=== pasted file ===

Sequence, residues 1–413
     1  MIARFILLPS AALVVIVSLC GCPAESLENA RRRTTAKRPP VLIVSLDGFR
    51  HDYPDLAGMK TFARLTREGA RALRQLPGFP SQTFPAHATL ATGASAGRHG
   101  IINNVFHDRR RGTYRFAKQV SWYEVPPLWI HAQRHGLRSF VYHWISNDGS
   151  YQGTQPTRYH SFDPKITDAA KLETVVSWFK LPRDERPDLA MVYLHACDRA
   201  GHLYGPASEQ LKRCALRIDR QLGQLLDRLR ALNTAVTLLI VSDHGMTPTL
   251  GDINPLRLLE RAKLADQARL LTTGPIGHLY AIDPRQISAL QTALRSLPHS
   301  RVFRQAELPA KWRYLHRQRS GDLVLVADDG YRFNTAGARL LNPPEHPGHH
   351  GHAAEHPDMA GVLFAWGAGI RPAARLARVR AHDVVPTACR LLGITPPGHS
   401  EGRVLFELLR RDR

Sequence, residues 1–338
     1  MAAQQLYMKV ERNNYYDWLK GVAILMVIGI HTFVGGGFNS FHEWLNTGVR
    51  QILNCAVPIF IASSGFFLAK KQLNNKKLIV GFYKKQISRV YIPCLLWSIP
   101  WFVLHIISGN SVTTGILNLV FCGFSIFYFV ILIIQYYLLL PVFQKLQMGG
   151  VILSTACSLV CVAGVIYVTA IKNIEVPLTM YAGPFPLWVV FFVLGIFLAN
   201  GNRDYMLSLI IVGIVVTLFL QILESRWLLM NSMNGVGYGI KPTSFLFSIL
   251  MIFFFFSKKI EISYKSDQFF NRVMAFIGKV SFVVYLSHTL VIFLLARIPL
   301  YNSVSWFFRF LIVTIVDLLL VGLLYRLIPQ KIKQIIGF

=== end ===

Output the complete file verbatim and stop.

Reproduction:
Sequence, residues 1–413
     1  MIARFILLPS AALVVIVSLC GCPAESLENA RRRTTAKRPP VLIVSLDGFR
    51  HDYPDLAGMK TFARLTREGA RALRQLPGFP SQTFPAHATL ATGASAGRHG
   101  IINNVFHDRR RGTYRFAKQV SWYEVPPLWI HAQRHGLRSF VYHWISNDGS
   151  YQGTQPTRYH SFDPKITDAA KLETVVSWFK LPRDERPDLA MVYLHACDRA
   201  GHLYGPASEQ LKRCALRIDR QLGQLLDRLR ALNTAVTLLI VSDHGMTPTL
   251  GDINPLRLLE RAKLADQARL LTTGPIGHLY AIDPRQISAL QTALRSLPHS
   301  RVFRQAELPA KWRYLHRQRS GDLVLVADDG YRFNTAGARL LNPPEHPGHH
   351  GHAAEHPDMA GVLFAWGAGI RPAARLARVR AHDVVPTACR LLGITPPGHS
   401  EGRVLFELLR RDR

Sequence, residues 1–338
     1  MAAQQLYMKV ERNNYYDWLK GVAILMVIGI HTFVGGGFNS FHEWLNTGVR
    51  QILNCAVPIF IASSGFFLAK KQLNNKKLIV GFYKKQISRV YIPCLLWSIP
   101  WFVLHIISGN SVTTGILNLV FCGFSIFYFV ILIIQYYLLL PVFQKLQMGG
   151  VILSTACSLV CVAGVIYVTA IKNIEVPLTM YAGPFPLWVV FFVLGIFLAN
   201  GNRDYMLSLI IVGIVVTLFL QILESRWLLM NSMNGVGYGI KPTSFLFSIL
   251  MIFFFFSKKI EISYKSDQFF NRVMAFIGKV SFVVYLSHTL VIFLLARIPL
   301  YNSVSWFFRF LIVTIVDLLL VGLLYRLIPQ KIKQIIGF